3. And I would miss so much. The "Bye Bye Black Bird", among others...

  4. I always used to dismiss Jazz too, I think it is something you grow into.

    Now it is one of my favourite types of music.

  5. I saw Niels years ago in NYC playing with Oscar Peterson.

    The man was nothing short of amazing! The only bass player who could fill the void of Oscar's left hand (this was after Oscar suffered a stroke).

    Thanks for posting these performances. More people need to learn about NHOP.

  6. I felt like I had lost a family member when I first heard of the death of NHOP. I first started to follow NHOP about 30 years ago after having performed in the Rock N Roll era. and drifted to the Jazz Field ( the only place to go after having played Rock for 20 years). I then took up Jazz Double Bass and was totally inspired by the abilities of NHOP.

    I was fortunate enough to have held his Double Bass after a concert here in Brisbane about 12 years ago while he autographed a CD. It was only a brief chat of about 2 minutes however, I will remember that moment forever!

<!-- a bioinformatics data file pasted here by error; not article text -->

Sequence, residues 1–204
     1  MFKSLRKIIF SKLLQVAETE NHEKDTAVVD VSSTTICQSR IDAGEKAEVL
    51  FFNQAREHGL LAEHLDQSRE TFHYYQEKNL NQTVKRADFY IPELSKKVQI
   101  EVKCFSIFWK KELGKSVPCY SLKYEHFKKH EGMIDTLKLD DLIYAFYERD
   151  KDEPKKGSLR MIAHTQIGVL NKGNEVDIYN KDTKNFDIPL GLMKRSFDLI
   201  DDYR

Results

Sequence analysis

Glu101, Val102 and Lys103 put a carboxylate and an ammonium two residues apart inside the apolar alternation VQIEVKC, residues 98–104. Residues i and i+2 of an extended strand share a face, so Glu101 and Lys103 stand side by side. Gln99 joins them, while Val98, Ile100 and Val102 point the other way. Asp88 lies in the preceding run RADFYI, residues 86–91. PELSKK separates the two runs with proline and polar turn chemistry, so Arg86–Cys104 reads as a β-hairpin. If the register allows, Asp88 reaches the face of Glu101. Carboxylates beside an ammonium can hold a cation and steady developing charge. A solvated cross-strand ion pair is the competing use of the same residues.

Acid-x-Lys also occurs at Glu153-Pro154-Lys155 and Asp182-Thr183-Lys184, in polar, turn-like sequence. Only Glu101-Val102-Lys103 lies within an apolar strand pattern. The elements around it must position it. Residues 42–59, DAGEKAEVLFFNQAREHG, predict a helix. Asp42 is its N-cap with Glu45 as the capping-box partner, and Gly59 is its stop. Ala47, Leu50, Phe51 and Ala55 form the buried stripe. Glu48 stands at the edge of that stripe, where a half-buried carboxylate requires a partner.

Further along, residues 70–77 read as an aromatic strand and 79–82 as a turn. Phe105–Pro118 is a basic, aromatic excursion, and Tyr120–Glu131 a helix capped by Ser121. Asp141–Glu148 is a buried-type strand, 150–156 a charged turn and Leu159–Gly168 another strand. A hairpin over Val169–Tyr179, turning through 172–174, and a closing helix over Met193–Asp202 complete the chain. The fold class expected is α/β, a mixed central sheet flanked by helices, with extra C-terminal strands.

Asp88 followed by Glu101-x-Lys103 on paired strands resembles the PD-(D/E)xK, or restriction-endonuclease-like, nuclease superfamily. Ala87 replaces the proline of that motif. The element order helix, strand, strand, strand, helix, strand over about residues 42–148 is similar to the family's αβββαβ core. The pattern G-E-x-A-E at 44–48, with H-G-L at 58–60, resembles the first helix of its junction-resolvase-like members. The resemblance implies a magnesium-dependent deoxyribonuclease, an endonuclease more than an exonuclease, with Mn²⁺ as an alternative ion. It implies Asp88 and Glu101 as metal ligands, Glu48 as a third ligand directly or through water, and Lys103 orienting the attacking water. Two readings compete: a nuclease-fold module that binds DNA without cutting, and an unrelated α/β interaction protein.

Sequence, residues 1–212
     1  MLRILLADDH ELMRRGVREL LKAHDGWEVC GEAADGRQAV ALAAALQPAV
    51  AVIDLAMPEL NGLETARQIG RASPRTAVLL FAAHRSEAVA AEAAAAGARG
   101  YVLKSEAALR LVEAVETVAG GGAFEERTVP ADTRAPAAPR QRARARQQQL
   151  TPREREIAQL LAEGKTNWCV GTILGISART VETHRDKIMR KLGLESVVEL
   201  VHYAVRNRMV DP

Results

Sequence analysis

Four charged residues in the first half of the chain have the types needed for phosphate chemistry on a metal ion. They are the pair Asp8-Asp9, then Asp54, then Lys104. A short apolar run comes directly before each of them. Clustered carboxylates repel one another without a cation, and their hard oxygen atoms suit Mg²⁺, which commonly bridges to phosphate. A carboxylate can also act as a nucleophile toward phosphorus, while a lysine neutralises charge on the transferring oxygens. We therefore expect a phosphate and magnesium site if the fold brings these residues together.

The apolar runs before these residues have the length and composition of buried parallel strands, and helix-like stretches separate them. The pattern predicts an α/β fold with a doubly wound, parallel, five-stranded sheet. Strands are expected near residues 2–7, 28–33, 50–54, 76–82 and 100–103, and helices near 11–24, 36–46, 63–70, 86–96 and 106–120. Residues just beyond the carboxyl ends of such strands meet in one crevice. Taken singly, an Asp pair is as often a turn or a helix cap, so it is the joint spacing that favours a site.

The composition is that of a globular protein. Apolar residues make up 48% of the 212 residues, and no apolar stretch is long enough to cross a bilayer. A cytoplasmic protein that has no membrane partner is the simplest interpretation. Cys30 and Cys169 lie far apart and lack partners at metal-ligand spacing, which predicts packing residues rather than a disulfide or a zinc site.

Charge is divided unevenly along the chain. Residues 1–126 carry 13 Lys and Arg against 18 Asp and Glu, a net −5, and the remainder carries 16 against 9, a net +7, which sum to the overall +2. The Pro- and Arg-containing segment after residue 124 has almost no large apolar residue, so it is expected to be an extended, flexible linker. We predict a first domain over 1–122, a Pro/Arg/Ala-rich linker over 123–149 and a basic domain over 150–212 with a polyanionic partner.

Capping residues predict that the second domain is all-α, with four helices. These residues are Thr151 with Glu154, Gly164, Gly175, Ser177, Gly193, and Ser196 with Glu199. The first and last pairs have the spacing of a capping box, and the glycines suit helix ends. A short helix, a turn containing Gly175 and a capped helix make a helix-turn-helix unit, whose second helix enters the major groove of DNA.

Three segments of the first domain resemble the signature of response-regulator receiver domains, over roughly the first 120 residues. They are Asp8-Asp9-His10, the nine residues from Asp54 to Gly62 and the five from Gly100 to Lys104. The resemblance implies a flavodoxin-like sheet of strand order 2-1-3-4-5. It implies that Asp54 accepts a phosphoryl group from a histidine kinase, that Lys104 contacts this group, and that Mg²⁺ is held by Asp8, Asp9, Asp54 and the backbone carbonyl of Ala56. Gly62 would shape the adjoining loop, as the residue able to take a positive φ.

IMHO,there have been many brilliant Double bass players over the years (both deceased and living)however, I still place Niels at the very top of that list!

    The only other Jazz Bassist I place in the same arena as NHOP is the the brilliant "Brian Bromberg"

    Give thanks that we at least have the CD's & DVD's and Video Clips to remember the "THE GREAT DANE"

    Mick Power

    Brisbane AUSTRALIA

  7. Anonymous and COOLJAS

    Thanks for visiting and leaving your comments. I appreciate them.

    I am delighted to have discovered Niels and his music - late in life but still with plenty time (I hope) to enjoy much more..

  8. Time has past....
    I only experienced NHØP live once back in the fall 1987; when in a trio with Palle Mikkelborg and Kenneth Knudsen, they performed their album "Heart to heart". It was a magical experience and the monday after, that album became the first jazz album to find the way to my shelves.
    Back then my least favorite track was "Short cart" because it contains some of the elements that originally kept me away from jazz. But now 27 years later, it is my most played track from that album. in the beginning NHOP plays a fast ordinary bassline, but after 5:15 minutes he shows what his "evil" right hand can do... you will find bits of it in the Samba Petit video at 4:00-4:20 ;-)

    He also plays a big part on my favorite jazz album: "Nigerian Marketplace" with Oscar Peterson and Terry Clarke.
    Hmm seems the "good" video is no longer on youtube